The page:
How much does it cost to file for divorce in AR?
The cost of filing a petition for divorce in Arkansas is around $150, although fees may vary from county to county. You’ll have to check with your local court for more precise and up-to-date information.
What are general indignities?
In the context of divorce law, the phrase “general indignities” simply means that the other spouse treated the party seeking the divorce in such a way that it made his or her life intolerable.
How long do you have to be married in Arkansas to get alimony?
The duration of payments is determined by a judge in Arkansas family court. Alimony length is usually based on length of marriage – one commonly used standard for alimony duration is that 1 year of alimony is paid every three years of marriage (however, this is not always the case in every state or with every judge).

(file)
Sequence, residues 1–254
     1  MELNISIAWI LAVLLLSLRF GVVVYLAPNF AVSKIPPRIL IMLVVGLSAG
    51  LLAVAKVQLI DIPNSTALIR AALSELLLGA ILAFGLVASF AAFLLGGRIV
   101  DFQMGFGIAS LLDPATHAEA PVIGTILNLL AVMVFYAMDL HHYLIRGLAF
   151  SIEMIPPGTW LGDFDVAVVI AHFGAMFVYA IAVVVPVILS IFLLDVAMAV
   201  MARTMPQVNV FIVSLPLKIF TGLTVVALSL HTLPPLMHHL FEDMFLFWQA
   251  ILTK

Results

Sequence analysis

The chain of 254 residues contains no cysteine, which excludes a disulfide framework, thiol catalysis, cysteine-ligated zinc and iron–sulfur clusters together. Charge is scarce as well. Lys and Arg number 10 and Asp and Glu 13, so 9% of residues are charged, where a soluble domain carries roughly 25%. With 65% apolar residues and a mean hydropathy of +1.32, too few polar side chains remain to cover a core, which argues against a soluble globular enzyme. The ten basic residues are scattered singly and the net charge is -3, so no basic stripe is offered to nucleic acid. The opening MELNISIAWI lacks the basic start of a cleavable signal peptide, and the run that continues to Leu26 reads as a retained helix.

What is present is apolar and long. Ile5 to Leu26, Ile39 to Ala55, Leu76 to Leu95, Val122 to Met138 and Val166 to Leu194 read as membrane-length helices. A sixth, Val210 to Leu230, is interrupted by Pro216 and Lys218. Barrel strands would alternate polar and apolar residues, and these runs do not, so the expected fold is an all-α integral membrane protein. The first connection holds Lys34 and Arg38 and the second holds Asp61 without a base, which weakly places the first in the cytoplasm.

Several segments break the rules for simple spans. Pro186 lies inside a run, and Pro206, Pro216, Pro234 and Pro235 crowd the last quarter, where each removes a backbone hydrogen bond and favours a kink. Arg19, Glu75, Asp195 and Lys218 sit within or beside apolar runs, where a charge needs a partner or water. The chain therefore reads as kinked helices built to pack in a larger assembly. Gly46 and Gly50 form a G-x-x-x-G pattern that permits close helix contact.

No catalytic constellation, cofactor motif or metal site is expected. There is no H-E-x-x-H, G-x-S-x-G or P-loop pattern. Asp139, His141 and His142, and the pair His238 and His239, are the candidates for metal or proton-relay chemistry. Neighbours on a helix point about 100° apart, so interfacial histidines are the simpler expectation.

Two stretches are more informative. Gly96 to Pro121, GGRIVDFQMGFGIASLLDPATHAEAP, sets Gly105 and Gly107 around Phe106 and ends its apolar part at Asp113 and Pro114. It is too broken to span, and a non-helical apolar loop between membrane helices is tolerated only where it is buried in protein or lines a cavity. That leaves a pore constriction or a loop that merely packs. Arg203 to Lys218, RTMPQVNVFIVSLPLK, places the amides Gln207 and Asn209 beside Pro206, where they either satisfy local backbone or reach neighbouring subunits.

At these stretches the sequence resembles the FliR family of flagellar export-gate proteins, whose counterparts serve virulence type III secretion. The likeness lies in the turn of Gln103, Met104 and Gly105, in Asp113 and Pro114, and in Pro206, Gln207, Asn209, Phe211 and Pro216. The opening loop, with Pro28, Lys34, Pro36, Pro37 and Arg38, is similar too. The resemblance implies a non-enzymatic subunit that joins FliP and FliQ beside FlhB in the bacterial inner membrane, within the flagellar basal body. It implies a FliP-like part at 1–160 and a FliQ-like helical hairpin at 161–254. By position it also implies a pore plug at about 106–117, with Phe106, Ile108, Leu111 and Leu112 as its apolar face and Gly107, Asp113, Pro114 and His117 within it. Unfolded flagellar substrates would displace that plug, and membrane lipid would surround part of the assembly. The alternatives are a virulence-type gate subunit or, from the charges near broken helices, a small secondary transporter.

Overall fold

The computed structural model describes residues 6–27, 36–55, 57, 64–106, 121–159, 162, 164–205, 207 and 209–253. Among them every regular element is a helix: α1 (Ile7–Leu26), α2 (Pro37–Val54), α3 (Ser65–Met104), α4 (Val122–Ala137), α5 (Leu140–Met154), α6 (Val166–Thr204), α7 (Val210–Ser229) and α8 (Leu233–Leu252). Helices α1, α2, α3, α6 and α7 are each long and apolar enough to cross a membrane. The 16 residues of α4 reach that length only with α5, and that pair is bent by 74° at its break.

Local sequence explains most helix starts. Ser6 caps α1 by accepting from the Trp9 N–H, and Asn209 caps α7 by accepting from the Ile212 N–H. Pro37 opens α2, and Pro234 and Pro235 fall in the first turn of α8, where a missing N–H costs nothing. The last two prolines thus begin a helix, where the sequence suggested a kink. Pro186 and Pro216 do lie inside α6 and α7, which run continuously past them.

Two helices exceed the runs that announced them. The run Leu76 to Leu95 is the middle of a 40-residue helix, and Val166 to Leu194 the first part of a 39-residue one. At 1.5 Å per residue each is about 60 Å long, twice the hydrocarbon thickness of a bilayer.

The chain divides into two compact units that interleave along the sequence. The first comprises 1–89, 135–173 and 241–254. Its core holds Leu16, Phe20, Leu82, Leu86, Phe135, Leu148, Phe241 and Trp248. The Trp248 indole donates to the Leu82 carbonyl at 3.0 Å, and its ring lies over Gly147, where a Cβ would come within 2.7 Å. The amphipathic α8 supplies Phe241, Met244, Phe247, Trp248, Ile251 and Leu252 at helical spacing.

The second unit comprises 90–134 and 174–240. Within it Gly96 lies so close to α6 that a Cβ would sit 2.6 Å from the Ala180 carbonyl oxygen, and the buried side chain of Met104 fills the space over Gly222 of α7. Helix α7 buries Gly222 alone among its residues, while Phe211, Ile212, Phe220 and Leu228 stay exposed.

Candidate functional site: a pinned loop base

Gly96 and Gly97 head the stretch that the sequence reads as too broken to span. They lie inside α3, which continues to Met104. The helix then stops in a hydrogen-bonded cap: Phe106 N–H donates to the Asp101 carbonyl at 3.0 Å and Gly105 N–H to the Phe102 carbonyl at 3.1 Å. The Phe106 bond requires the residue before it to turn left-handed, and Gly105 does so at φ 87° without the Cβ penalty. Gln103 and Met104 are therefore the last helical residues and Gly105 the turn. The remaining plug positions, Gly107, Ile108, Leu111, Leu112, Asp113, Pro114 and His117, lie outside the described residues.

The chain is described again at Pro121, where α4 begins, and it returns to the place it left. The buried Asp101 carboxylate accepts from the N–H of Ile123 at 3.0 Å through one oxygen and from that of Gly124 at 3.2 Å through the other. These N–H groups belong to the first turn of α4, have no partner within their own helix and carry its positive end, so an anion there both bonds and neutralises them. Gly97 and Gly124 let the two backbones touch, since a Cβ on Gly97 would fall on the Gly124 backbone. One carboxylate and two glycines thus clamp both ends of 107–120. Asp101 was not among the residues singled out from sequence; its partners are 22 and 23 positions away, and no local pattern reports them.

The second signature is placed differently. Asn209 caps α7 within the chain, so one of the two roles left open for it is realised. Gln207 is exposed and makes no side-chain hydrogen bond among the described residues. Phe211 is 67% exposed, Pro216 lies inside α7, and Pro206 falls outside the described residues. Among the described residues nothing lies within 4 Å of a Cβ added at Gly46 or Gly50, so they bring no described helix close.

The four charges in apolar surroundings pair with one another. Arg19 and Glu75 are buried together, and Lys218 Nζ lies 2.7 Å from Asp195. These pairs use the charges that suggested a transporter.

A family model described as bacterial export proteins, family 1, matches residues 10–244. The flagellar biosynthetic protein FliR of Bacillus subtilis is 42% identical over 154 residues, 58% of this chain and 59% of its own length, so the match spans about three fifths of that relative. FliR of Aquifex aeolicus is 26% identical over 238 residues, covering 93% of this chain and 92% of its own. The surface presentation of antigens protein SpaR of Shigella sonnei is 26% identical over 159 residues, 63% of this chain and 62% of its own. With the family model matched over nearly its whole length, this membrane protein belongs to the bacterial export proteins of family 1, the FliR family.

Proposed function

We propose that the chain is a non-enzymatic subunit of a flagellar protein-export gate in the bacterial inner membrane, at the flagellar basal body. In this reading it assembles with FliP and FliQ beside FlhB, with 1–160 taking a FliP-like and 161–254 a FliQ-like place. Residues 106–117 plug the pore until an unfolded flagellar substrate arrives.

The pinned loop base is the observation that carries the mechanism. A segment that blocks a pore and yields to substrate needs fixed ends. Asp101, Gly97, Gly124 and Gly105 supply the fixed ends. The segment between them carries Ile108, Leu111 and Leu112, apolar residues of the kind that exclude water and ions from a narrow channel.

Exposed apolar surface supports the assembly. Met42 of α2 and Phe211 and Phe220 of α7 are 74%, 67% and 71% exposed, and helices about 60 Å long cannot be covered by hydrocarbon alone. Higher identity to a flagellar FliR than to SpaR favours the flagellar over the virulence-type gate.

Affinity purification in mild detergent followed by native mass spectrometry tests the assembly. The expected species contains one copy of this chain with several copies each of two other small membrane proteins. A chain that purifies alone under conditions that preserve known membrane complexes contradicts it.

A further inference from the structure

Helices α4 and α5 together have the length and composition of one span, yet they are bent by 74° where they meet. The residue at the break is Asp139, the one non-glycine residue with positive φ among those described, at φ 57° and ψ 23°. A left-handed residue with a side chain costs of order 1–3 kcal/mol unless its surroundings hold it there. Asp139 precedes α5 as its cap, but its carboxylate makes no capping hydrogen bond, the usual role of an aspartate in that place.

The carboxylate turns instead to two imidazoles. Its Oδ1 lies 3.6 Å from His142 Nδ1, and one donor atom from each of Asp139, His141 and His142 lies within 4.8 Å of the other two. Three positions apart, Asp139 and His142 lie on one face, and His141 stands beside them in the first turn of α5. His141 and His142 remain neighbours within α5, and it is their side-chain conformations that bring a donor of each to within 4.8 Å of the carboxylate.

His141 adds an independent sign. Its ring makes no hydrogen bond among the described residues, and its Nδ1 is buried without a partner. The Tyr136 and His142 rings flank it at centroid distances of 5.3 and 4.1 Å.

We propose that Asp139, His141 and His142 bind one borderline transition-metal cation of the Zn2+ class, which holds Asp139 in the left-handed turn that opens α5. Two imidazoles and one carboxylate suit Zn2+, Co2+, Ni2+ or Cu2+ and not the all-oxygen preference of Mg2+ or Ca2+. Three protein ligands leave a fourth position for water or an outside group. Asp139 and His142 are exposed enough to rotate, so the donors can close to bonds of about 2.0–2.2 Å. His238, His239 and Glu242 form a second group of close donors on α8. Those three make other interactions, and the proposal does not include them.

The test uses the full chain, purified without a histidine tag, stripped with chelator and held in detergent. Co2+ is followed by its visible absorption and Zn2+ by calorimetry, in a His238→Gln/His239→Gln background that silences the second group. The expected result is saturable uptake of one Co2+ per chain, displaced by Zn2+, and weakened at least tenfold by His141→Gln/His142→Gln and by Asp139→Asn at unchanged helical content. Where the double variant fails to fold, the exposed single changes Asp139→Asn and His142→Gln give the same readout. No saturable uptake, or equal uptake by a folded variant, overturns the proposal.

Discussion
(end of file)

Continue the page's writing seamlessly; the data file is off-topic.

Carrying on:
Is cheating considered adultery?
Adultery isn’t just a crime in the eyes of your spouse. In 21 states, cheating in a marriage is against the law, punishable by a fine or even jail time. States with anti-cheating laws generally define adultery as a married person having sexual intercourse with someone other than their spouse.
Can cheating affect divorce?
Sometimes, adultery does become a factor in a divorce decision, even in a no-fault state. If adultery led to financial stress, it could be taken into account when making decisions about property and asset distribution. It may also affect decisions about child custody and support and spousal support.
Can you date while separated in Arkansas?
Once the court finalizes your divorce, you or your spouse can remarry or start dating. Because Arkansas is a fault state for divorce, dating before the divorce is finalized can give the other side grounds for divorce.
How long does Arkansas divorce take?
Can you get a divorce in Arkansas without a lawyer?
Requirements for an Uncontested Divorce in Arkansas. To file for an uncontested divorce in Arkansas, at least one spouse must have lived in the state for at least 60 days. Arkansas allows no-fault divorce, which courts define as living separately for 18 months voluntarily.